Note: In order to restore other software RAIDed partitions, restore the OS, and then configure the other partitions in Windows as a software RAID. Once completed, file restore the necessary snapshot on the Datto and transfer over. It would be wise to contact support to copy with Windows file permissions as a regular file restore does not have the ability to do this directly. We use Robocopy to perform this task.
For IRIS 3 appliances: Imaging a USB Drive with the Legacy BMR Environment Using Rufus
To perform a BMR, follow the instructions starting with this article: USB Bare Metal Restore: Getting Started.
Restore to a Hypervisor
From ALTO or SIRIS, you can perform a restore of a virtual machine to Citrix XenServer, Windows Hyper-V, or VMWare.
Use this option to export the recovery point to vSphere Hypervisor (via VMDK) or Microsoft Hyper-V (via VHD). You can export to an attached USB drive or a Network Share (CIFS/Samba or NFS)
This option is available for Windows and Linux protected machines.
For instructions to Export an Image, see the article Restore: Export Image.
This option uploads a restore point to a connected ESXi host via VMware Converter. Use this option if you want to use the ESXi host for computing power and as a datastore. Depending on the size of your datastore, this may take a while to transfer, but once it is transferred, there is no disk I/O burden on the SIRIS, nor need for adequate bandwidth between the SIRIS and the ESXi host. The datastore is thick provisioned on the ESXi host, which increases the speed of the virtualization.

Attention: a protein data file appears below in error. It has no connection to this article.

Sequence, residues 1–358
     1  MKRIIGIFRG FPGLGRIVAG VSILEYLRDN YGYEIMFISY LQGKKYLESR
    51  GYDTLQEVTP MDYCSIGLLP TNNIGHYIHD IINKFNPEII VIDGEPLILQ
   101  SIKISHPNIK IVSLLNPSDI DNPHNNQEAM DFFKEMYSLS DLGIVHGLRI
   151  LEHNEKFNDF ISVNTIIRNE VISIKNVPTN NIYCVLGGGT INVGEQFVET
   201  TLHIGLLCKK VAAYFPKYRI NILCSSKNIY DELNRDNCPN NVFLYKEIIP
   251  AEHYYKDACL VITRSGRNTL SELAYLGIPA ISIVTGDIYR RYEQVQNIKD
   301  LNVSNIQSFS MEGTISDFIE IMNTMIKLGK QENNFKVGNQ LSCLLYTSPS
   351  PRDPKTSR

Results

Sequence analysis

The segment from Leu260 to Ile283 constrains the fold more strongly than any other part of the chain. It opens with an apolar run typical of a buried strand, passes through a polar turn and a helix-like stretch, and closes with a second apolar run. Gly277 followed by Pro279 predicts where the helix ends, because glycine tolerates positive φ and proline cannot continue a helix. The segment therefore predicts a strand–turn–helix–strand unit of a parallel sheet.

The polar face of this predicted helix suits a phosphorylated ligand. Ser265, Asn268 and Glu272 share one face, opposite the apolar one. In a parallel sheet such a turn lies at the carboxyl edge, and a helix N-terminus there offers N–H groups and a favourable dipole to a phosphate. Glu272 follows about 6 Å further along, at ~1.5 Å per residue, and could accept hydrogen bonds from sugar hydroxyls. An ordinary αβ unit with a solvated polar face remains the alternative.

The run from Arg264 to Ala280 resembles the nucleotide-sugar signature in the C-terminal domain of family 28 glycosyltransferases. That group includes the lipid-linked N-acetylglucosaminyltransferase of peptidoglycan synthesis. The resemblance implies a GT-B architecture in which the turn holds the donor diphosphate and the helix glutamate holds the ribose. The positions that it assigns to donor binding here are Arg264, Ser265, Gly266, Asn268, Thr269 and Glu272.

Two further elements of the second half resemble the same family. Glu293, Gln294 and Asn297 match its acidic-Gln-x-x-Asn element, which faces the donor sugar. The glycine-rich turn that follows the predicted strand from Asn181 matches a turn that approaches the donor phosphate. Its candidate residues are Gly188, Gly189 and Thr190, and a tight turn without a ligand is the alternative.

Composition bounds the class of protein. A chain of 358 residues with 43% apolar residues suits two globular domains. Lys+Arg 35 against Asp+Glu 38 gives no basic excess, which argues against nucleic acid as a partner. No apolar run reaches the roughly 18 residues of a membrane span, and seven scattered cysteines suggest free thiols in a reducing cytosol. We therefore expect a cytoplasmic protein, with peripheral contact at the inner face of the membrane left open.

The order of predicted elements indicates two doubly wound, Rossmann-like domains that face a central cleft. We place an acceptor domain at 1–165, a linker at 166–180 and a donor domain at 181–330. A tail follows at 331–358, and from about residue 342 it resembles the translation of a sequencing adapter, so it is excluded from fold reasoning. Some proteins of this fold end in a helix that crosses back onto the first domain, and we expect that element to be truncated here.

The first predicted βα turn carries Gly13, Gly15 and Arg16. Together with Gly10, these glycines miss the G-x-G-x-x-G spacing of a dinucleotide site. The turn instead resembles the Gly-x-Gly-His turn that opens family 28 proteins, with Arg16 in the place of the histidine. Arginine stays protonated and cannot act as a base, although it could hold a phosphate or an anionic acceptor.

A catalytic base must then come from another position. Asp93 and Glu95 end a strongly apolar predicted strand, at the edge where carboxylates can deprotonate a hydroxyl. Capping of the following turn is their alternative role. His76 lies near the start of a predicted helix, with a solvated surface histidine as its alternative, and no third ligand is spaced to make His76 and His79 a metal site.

This option is available for Windows and Linux protected machines.
Microsoft Exchange Data Restore
SIRIS machines come with licensing for Kroll Ontrack PowerControls for Exchange and SQL. This tool allows you to restore individual Exchange messages, individual Exchange mailboxes, or many Exchange mailboxes. To use this tool, refer to the article Exchange Mailbox Restore with Kroll Ontrack.
Microsoft SQL Data Restore
For the procedure to do a SQL Data Restore with Kroll Ontrack PowerControls for SQL, log into the Web UI of your Datto, and go to Advanced -> Granular Restore. For step by step instructions, see the article Granular SQL Restore With Ontrack PowerControls.
Active Directory Restore
Active Directory restores can be tricky. We recommend that you follow Microsoft's instructions on how to restore AD. See the Microsoft TechNet article Restoring Active Directory from Backup Media.
Restoring from the Datto Cloud
If you are running a Virtual Machine in the Datto Cloud and need to bring your data back onsite for a Bare Metal Restore or a File Restore, you have two options. The one you should choose depends on the size of the restore. If your restore is small and you have the bandwidth to receive the restore in a reasonable amount of time, Datto Technical Support can transfer your data back to your Datto device. If you have a larger restore, we also offer the option of a Reverse Round Trip drive. As the name suggests, it is the opposite of seeding your data in the Cloud, as we will reverse-seed your device back from the Cloud. See the article Reverse RoundTrip (RevRT) Process; Physical Data Retrieval From Cloud for more information about this option.